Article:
Putting the “curse” of the humanised mice on SARS-COV-2, or what happens when humanised mice happen to SARS-COV-2/ COVID-19

Lakshman Varanasi, PhD , Science Associate      November 6, 2020

The human Angiotensin converting enzyme 2 (hACE2) is a transmembrane metalloenzyme occurring on epithelial and endothelial cells of lungs and other organs and tissues. It is the primary binding and entry site of the SARS-COV-2 virus, the pathogen that causes COVID-19. Image based on Pymol rendering of PDB file 1r42. Author: Emw. This image has been reproduced in the original and without any modifications. Use of this figure is governed by the Creative Commons Attribution-Share Alike 3.0 Unported license.

The SARS-COV-2 virus binds to the ACE2 (Angiotensin converting enzyme 2) cell surface receptor to effect an entry into epithelial cells of the lower respiratory tract and lungs, from where it is disseminated to the kidney, liver, brain, eyes, gastrointestinal tract and other tissues that bear this protein. The virus disrupts the Renin-Angiotensin-Aldosterone system (abbrev RAAS) and its functions in electrolyte and water balance, blood pressure, homeostasis, among others. Scientists have scrambled to understand its pathogenesis (and the pathophysiology of the host), in a variety of animal models such as mice, rats, Syrian hamsters, ferrets, palm civets, and monkeys. Of these, mice are genetically the most tractable, inexpensive, and available in a variety of strains. Monkeys and other primates resemble humans most closely in their genetic makeup, but public sentiment is against large animal models, and their use must be kept to a minimum. The question of interest dictates the choice of model, but none of these models naturally bear the human tissue that is the natural target of the pathogen. This is a handicap. Immunodeficient mice that are reconstituted with a human immune system (HIS) and grafted with relevant human tissue address this problem, and have been available much before the onset of the pandemic. A supplemental human cytokine environment and various other physiological tweaks are engineered into these mice to reproduce as faithfully as possible the human context.Such humanised mice are apropos, and valuable enough for the American National Institutes of Health to sanction USD 1.2 million for the development of humanised mice models for COVID-19 early on in the course of the pandemic.

Mice aren’t normally infected by SARS-COV-2, but when grafted with human lung tissue or expressing the transgenic human ACE2 receptor are susceptible to it, and display viral pathogenesis and the accompanying human immune response. Some mice models may have ACE2, along with various human receptor proteins accessory to the infection, transgenically introduced into the other target tissues as well.BLT humanised mice are created by the transplantation of haematopoietic adult stem cells (HSCs, or Bone marrow cells) in immunodeficient mice also grafted with autologous Liver and Thymic tissue. Such mice further transplanted with human lung tissue have an expanded tropism for human pathogens. Implanted human lung tissue vascularises, grows, and gets populated by B- and T-lymphocytes responsible for adaptive immunity. Wahl et al created two viable versions of the model by implanting lung tissue in immunodeficient and BLT mice. A second humanised model, the DRAGA mouse (HLA-A2.HLA-DR4.Rag1KO.IL-2Rγc KO.NOD) has been shown to naturally reconstitute (in itself) human epithelial and endothelial cells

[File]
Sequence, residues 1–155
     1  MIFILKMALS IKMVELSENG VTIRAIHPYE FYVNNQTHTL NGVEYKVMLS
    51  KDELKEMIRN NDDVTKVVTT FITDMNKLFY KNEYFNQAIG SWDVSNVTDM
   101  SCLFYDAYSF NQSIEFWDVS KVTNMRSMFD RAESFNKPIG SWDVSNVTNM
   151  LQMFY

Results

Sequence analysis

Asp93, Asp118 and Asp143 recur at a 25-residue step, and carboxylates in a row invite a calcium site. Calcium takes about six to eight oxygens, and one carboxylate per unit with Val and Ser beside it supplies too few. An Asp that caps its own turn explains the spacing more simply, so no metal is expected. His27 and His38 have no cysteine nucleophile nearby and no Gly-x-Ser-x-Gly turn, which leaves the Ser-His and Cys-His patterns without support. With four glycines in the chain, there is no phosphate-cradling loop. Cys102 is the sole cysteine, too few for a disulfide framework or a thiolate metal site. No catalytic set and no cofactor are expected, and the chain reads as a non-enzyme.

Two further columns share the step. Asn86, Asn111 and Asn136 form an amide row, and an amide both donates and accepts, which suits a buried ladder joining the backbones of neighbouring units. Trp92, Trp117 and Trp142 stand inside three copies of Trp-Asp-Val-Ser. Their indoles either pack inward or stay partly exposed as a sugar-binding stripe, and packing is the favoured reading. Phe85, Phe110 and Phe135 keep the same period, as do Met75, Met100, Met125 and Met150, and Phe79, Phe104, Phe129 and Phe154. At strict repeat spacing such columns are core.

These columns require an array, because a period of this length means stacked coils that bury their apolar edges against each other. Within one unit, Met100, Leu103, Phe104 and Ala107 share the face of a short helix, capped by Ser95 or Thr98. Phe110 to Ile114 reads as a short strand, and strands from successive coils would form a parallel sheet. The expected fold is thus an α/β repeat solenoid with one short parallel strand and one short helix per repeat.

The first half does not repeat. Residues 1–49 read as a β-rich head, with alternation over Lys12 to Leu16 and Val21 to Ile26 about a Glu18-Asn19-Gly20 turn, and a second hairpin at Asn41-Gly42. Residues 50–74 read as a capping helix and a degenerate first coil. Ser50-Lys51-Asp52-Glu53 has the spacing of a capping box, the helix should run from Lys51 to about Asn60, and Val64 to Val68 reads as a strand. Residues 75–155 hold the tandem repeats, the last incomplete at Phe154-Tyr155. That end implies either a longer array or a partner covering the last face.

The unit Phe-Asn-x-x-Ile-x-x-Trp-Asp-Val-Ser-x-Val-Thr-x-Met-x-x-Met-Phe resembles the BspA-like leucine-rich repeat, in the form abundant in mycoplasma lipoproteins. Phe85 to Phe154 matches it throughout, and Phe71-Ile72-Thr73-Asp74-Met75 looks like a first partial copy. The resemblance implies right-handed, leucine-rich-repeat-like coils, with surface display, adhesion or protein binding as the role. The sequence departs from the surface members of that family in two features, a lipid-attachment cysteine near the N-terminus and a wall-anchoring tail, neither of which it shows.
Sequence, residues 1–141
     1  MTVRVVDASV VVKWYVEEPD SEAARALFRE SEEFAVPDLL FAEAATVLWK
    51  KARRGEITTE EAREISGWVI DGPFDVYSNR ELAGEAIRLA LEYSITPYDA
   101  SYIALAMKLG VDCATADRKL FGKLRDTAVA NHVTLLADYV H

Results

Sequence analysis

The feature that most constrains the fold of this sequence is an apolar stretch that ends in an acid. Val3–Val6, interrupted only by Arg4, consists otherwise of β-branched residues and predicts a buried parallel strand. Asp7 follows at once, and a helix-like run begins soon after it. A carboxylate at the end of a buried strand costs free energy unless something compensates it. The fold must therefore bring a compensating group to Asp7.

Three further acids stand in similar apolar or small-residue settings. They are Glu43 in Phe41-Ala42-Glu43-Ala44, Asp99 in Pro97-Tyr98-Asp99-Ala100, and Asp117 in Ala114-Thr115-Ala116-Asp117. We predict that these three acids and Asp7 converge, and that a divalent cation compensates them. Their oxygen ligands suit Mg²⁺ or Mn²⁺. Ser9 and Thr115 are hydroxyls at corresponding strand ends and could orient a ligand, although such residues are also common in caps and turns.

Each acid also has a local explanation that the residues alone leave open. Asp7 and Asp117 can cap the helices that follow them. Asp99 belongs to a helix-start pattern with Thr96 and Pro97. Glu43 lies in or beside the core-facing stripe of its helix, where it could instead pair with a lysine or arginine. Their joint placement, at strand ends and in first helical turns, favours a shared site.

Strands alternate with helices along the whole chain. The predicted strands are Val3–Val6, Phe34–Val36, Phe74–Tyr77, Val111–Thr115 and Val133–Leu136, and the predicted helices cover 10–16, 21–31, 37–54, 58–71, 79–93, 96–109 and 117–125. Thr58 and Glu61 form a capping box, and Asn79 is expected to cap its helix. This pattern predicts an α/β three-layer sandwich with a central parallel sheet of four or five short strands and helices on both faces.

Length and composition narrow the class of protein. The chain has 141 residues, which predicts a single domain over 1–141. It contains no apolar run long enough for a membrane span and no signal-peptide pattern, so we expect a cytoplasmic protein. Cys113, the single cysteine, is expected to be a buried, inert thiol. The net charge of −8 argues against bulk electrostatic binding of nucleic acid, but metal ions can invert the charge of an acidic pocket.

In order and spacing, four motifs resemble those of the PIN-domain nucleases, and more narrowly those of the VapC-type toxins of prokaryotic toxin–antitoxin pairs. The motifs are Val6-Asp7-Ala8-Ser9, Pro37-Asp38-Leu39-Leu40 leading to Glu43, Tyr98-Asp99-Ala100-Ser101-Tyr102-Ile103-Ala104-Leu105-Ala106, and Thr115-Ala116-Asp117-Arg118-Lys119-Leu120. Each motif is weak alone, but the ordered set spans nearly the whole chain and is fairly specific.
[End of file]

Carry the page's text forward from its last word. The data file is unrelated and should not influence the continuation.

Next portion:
containing the ACE2 receptor, and to exhibit sensitivity to the SARS-COV-2 virus. Mice so infected exhibit consistently a range of symptoms, disease severities, and host responses akin to the disease in humans. Nonhumanised mice with a transgenic ACE2 receptor have also been developed for COVID-19 studies, but have lesser use because they lack a human immune system.

Chimeric (humanised) mice can help significantly with preclinical assessment and development of drug candidates and vaccines even if genetic proximity to humans makes non-human primates the preferred models. They can be used in studies of pathogenesis, the immune reactivity of the host, and drug therapies, inclusive of the synergistic and antagonistic interactions of drugs administered simultaneously. Murine and human genomes are sufficiently distinct for a drug successful in the first to fail in the second; but drugs that exhibit cytotoxicity in the preclinical screen in mice can be eliminated before clinical trials. Antibodies generated against SARS-COV-2 in humanised mice resemble the antibodies in convalescent human plasma in sequence and profile, proving that humanised mice can be used to prepare a therapeutically effective antibody cocktail. Furthermore, because the humanised mouse can “indistinguishably mimic” the antibody
response of a human subject, it is a fair candidate for vaccine/prophylactic testing. Incompletely studied vaccines can run dangerously counter to their purpose, and a platform for expedited testing is welcome.

The conservative base of the current American administration is opposed to the use of human foetal material in the creation of the humanised mice (cord blood is still permitted, but BLT mice require foetal tissue). This is unfortunate, because the humanised mouse is so well suited to the problem at hand, and because stifling this science puts the public in harm’s way. The pandemic may be a good time to revise the pertinent ethical considerations that go into the apportioning of funding resources for the humanised mouse. Notwithstanding the politics, the humanised mouse model will form the mainstay of biomedical research forthe foreseeable future. For now, it is interesting to watch humanised mice “happen” to SARS-COV-2.

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